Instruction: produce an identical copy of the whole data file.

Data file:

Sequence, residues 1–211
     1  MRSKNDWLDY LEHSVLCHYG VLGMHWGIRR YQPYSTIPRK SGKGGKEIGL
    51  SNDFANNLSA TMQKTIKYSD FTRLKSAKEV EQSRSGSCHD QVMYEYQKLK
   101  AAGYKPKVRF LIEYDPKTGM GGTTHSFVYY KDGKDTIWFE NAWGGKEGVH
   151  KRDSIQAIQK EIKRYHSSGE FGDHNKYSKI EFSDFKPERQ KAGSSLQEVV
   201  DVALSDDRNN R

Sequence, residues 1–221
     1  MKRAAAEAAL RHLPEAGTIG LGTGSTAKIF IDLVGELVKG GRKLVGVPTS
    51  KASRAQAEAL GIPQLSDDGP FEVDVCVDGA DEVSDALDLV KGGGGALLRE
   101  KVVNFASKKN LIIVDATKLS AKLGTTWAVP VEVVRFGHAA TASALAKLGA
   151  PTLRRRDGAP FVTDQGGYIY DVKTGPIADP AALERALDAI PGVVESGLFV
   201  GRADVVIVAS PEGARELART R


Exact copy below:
Sequence, residues 1–211
     1  MRSKNDWLDY LEHSVLCHYG VLGMHWGIRR YQPYSTIPRK SGKGGKEIGL
    51  SNDFANNLSA TMQKTIKYSD FTRLKSAKEV EQSRSGSCHD QVMYEYQKLK
   101  AAGYKPKVRF LIEYDPKTGM GGTTHSFVYY KDGKDTIWFE NAWGGKEGVH
   151  KRDSIQAIQK EIKRYHSSGE FGDHNKYSKI EFSDFKPERQ KAGSSLQEVV
   201  DVALSDDRNN R

Sequence, residues 1–221
     1  MKRAAAEAAL RHLPEAGTIG LGTGSTAKIF IDLVGELVKG GRKLVGVPTS
    51  KASRAQAEAL GIPQLSDDGP FEVDVCVDGA DEVSDALDLV KGGGGALLRE
   101  KVVNFASKKN LIIVDATKLS AKLGTTWAVP VEVVRFGHAA TASALAKLGA
   151  PTLRRRDGAP FVTDQGGYIY DVKTGPIADP AALERALDAI PGVVESGLFV
   201  GRADVVIVAS PEGARELART R